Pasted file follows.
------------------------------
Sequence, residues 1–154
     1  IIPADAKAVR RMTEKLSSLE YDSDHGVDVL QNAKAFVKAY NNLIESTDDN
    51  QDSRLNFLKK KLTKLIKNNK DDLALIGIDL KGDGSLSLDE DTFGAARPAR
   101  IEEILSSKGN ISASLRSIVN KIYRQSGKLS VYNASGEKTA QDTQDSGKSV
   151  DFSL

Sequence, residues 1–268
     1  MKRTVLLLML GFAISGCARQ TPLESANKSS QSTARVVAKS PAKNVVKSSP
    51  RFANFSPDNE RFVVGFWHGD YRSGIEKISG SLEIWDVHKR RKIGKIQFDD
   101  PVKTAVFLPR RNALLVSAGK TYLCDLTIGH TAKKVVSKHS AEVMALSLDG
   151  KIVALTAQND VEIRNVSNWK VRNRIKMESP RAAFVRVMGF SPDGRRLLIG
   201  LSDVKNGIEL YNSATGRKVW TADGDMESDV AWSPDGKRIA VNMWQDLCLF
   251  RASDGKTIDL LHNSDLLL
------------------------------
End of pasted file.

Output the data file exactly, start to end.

Sequence, residues 1–154
     1  IIPADAKAVR RMTEKLSSLE YDSDHGVDVL QNAKAFVKAY NNLIESTDDN
    51  QDSRLNFLKK KLTKLIKNNK DDLALIGIDL KGDGSLSLDE DTFGAARPAR
   101  IEEILSSKGN ISASLRSIVN KIYRQSGKLS VYNASGEKTA QDTQDSGKSV
   151  DFSL

Sequence, residues 1–268
     1  MKRTVLLLML GFAISGCARQ TPLESANKSS QSTARVVAKS PAKNVVKSSP
    51  RFANFSPDNE RFVVGFWHGD YRSGIEKISG SLEIWDVHKR RKIGKIQFDD
   101  PVKTAVFLPR RNALLVSAGK TYLCDLTIGH TAKKVVSKHS AEVMALSLDG
   151  KIVALTAQND VEIRNVSNWK VRNRIKMESP RAAFVRVMGF SPDGRRLLIG
   201  LSDVKNGIEL YNSATGRKVW TADGDMESDV AWSPDGKRIA VNMWQDLCLF
   251  RASDGKTIDL LHNSDLLL